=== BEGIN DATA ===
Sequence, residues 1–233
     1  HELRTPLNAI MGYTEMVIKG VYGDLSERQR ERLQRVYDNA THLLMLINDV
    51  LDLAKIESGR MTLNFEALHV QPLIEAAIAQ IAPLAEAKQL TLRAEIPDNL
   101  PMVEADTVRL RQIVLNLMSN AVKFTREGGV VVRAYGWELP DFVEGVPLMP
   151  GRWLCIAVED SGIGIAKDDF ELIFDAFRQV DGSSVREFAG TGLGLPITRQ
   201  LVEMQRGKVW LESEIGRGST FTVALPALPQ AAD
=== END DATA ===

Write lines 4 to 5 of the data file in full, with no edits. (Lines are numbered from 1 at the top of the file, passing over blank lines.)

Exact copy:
   101  PMVEADTVRL RQIVLNLMSN AVKFTREGGV VVRAYGWELP DFVEGVPLMP
   151  GRWLCIAVED SGIGIAKDDF ELIFDAFRQV DGSSVREFAG TGLGLPITRQ